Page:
Why dieters tend to regain weight

As if we needed any reminder that weight loss is hard and maintaining weight loss even harder, a study has found that for at least a year, subjects who shed weight on a low-calorie diet were hungrier than when they started and had higher levels of hormones that tell the body to eat more, conserve energy and store away fuel as fat.

The report, just published in the New England Journal of Medicine, helps explain why roughly four in five dieters wind up gaining back lost pounds within a year or two of losing them — and, sometimes, pack on a few extra pounds for good measure.

It is a close look at the disheartening pattern: In the wake of weight loss, “multiple compensatory mechanisms” spring to life, the study illustrates, and work together to ensure that weight loss is reversed quickly and efficiently.

The researchers, led by Joseph Proietto of the University of Melbourne’s Department of Medicine, write that more than one solution to the crisis of obesity will likely be necessary: “a combination of medications” that will have to be safe for long-term use.

The Australian study paints a “very comprehensive” and “really discouraging” picture of the breadth of the body’s response to weight loss, said Dr Daniel Bessesen, an endocrinologist and obesity researcher at University of Colorado’s Denver Health Medical Center. It captures just how many resources the body musters to ensure that pounds are put back on — a long list of hormones that regulate appetite, feelings of fullness after eating and how calories are used.

With names such as leptin, ghrelin, amylin, cholescystokinin and insulin, the hormones vary widely. Some are secreted from the gut, others by the pancreas or fat cells themselves. Some dial appetite up, others send word to the brain that plenty has been consumed, and still others help regulate how calories are used.

At 52 weeks after subjects had completed their crash diets and were struggling to maintain their loss, that cacophony of hormones was sending a single message, loudly, clearly and after every meal: Eat more.

And subjects were getting that message. When asked, they said they were just as hungry as they had been upon completion of their crash diets and significantly hungrier than they had been before their diets had begun.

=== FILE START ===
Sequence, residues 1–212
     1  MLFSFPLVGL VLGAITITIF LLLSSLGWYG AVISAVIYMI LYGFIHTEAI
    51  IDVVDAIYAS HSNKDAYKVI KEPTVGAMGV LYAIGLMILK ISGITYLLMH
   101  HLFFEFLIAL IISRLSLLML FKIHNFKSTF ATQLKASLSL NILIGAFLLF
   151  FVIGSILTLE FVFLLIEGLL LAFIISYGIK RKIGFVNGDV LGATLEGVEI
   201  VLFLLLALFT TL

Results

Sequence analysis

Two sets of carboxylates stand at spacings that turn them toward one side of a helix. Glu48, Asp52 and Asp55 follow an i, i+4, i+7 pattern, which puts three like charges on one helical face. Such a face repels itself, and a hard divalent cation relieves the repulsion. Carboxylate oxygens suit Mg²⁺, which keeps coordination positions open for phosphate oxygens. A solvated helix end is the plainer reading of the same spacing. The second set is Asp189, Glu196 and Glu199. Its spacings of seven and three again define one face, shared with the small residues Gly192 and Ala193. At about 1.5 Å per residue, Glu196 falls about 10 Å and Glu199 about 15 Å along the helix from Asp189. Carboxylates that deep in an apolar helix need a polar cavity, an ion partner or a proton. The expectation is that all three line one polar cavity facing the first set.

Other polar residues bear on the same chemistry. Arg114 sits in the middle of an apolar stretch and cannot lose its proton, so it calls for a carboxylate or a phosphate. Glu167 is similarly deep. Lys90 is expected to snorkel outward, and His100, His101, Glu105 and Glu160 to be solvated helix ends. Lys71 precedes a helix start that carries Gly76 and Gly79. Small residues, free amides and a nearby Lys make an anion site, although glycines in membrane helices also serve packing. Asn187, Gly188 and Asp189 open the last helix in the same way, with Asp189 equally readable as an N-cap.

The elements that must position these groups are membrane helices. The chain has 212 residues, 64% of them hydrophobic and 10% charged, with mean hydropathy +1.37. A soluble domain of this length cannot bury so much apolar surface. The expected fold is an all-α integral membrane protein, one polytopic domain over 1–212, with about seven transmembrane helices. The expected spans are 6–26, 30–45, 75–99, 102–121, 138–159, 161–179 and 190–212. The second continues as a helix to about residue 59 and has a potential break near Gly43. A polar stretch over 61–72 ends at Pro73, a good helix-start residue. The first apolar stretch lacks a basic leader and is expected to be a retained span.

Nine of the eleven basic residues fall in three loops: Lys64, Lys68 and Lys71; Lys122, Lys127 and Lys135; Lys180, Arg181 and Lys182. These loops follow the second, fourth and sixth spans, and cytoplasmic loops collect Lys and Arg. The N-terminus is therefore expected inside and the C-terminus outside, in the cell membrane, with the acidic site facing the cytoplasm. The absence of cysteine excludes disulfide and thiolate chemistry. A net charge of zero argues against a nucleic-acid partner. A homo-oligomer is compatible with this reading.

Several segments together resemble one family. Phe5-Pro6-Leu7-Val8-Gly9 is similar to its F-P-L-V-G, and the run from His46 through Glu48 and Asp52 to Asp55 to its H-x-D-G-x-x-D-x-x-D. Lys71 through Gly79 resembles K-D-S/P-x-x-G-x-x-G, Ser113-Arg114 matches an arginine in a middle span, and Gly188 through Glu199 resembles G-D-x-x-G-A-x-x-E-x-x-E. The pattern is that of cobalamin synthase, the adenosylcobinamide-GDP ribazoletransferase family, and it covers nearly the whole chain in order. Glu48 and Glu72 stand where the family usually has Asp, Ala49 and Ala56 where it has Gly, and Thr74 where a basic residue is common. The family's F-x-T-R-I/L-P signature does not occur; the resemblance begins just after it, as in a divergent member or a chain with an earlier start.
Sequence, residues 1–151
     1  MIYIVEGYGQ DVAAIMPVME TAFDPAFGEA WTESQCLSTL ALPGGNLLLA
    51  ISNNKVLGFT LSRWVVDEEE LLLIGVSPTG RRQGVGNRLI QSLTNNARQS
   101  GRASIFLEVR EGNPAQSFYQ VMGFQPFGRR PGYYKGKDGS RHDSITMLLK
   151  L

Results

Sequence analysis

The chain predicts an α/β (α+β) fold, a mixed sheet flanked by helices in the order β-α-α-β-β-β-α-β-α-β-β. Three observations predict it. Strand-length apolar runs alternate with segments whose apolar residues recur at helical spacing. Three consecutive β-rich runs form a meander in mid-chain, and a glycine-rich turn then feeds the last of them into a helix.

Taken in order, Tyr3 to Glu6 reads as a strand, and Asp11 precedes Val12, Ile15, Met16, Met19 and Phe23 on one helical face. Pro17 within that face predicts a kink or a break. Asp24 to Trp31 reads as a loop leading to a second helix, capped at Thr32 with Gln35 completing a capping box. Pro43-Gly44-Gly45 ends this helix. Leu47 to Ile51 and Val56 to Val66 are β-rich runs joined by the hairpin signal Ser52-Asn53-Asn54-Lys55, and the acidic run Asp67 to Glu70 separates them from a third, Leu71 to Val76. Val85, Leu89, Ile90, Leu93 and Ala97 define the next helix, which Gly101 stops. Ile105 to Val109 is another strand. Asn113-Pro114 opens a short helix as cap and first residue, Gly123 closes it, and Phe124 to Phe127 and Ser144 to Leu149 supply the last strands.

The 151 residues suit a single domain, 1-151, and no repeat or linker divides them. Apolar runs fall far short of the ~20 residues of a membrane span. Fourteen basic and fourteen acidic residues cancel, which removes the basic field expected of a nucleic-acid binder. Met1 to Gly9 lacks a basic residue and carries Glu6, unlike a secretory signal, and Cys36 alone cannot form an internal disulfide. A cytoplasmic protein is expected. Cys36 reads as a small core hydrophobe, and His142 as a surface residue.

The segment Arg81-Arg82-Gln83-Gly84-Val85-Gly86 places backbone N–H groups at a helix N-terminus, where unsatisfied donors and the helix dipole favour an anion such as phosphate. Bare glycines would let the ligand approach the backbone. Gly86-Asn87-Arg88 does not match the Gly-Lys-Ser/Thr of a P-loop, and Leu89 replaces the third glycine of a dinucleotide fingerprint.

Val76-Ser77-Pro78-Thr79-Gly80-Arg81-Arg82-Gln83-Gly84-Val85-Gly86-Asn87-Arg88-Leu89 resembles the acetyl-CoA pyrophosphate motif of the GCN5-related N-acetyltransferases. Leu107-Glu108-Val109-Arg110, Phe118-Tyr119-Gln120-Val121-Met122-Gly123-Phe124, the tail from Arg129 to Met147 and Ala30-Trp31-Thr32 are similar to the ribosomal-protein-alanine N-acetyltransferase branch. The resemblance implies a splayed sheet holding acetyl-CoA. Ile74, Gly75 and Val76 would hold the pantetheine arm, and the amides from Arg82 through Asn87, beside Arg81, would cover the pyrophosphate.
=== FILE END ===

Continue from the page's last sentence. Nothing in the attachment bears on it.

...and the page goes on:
“The high rate of relapse after dieting is not surprising,” the authors concluded.

Professor Proietto said the study revealed the important roles that hormones play in regulating body weight, making dietary and behavioural change less likely to work in the long-term.

“Our study has provided clues as to why obese people who have lost weight often relapse. The relapse has a strong physiological basis and is not simply the result of the voluntary resumption of old habits,” he said.

Dr Proietto said although health promotion campaigns recommended obese people adopt lifestyle changes such as to be more active, they were unlikely to lead to reversal of the obesity epidemic.

“The study shows it is the control of hunger following weight loss that needs to be managed. This may be possible with long-term pharmacotherapy or hormone manipulation but these options need to be investigated,” he said.

“Ultimately it would be more effective to focus public health efforts in preventing children from becoming obese.”

Barbara Corkey, an obesity researcher at Boston University, said that although the subjects’ rapid regain of weight was no shock, the authors had turned up important evidence on how distinct hormones work individually and collectively to fight weight loss.

The result, she said, could help in devising new drugs and strategies to support dieters who just want to hang on to their losses.

LA Times: Read full article here

Long-Term Persistence of Hormonal Adaptations to Weight Loss
Author(s): Sumithran Priya; Prendergast Luke A.;  Delbridge Elizabeth; Purcell Katrina; Shulkes Arthur; Kriketos Adamandia; Proietto Joseph,
SOURCE: NEW ENGLAND JOURNAL of MEDICINE;  Volume: 365 Issue: 17 Pages: 1597-1604 Published: October 27, 2011